Iran has scoffed at charges levelled by the Argentine prosecutor investigating an anti-Jewish attack that killed 85 people in Buenos Aires in 1994, saying the Islamic republic did not attach "any importance" to them.
Last week Argentine prosecutor Alberto Nisman accused Iran of infiltrating several South American countries "to install intelligence stations -- in other words espionage bases -- destined to commit, encourage and sponsor terror attacks like the one that took place against AMIA."
He was referring to the bombing of the Argentine Jewish Charities Federation building in Buenos Aires in 1994, the worst attack of its kind ever in Argentina.
Nisman, who is in charge of investigating the bombing, also accused Iran of "making dual use of diplomatic agencies as well as cultural and charitable associations to conceal terrorist activities".
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An Iranian foreign ministry official late on Monday dismissed Nisman's charges.
"Considering the history of this individual, we don't attach any importance to his statements," the unnamed official was quoted as saying by Iran's official IRNA news agency.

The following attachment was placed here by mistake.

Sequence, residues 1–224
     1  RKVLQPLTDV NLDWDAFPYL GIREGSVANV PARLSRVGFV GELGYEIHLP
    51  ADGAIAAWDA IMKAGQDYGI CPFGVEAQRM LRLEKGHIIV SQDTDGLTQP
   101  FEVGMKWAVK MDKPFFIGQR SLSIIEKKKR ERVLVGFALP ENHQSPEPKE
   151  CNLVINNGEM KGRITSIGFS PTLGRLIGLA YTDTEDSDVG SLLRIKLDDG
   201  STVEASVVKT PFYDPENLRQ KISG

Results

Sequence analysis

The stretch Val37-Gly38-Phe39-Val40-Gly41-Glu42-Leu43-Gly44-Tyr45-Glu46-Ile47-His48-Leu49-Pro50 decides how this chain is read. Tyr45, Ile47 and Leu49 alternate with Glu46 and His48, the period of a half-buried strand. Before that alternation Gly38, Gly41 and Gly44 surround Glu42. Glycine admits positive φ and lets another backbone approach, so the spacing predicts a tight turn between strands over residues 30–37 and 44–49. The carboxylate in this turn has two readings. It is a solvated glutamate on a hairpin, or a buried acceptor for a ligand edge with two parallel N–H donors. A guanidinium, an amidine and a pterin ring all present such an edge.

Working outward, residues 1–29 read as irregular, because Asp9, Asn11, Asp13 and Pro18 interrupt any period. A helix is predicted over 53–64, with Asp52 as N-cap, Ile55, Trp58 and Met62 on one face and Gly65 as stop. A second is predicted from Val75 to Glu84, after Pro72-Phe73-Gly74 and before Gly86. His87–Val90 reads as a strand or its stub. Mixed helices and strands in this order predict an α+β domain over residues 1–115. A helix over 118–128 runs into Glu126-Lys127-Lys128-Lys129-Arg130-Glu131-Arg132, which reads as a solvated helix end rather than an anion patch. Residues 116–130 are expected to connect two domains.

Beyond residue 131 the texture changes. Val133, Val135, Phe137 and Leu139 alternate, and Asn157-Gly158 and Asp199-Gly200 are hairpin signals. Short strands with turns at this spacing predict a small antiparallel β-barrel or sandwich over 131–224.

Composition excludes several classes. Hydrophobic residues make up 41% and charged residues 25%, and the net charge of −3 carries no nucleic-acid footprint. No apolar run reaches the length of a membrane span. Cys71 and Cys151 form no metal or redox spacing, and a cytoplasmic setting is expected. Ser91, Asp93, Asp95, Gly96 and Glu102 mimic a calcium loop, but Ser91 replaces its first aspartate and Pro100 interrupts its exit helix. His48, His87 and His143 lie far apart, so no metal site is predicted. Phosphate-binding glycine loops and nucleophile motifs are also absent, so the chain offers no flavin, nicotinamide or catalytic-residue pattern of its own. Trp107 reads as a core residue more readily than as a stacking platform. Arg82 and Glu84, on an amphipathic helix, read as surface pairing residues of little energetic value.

Argentine courts have charged eight current and former senior Iranian officials over the bombing, including Defence Minister Ahmad Vahidi and ex-Revolutionary Guards chief Mohsen Rezai -- both candidates in the June 14 presidential elections -- along with former president Akbar Hashemi Rafsanjani.
In addition to the AMIA attack, the Argentine authorities also suspect Iran of being behind the 1992 car bombing in front of the Israeli embassy in Buenos Aires that killed 29 and wounded 200.
Iran has repeatedly denied any involvement in these attacks.
Nisman's charges came just days after Iran approved a memorandum of understanding with Argentina on forming a truth commission to investigate the AMIA bombing.